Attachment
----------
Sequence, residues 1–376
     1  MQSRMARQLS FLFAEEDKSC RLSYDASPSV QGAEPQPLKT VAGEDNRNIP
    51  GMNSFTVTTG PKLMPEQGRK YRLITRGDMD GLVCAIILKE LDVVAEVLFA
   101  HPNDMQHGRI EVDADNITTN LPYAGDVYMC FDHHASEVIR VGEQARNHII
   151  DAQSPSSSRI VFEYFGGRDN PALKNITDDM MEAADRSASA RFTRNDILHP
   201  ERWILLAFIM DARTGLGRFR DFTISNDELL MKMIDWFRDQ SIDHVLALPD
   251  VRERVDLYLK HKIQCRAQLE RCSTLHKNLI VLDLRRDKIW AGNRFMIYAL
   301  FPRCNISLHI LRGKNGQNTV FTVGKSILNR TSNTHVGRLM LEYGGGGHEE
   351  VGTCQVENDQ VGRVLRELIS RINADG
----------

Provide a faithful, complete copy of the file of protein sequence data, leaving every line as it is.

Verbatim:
Sequence, residues 1–376
     1  MQSRMARQLS FLFAEEDKSC RLSYDASPSV QGAEPQPLKT VAGEDNRNIP
    51  GMNSFTVTTG PKLMPEQGRK YRLITRGDMD GLVCAIILKE LDVVAEVLFA
   101  HPNDMQHGRI EVDADNITTN LPYAGDVYMC FDHHASEVIR VGEQARNHII
   151  DAQSPSSSRI VFEYFGGRDN PALKNITDDM MEAADRSASA RFTRNDILHP
   201  ERWILLAFIM DARTGLGRFR DFTISNDELL MKMIDWFRDQ SIDHVLALPD
   251  VRERVDLYLK HKIQCRAQLE RCSTLHKNLI VLDLRRDKIW AGNRFMIYAL
   301  FPRCNISLHI LRGKNGQNTV FTVGKSILNR TSNTHVGRLM LEYGGGGHEE
   351  VGTCQVENDQ VGRVLRELIS RINADG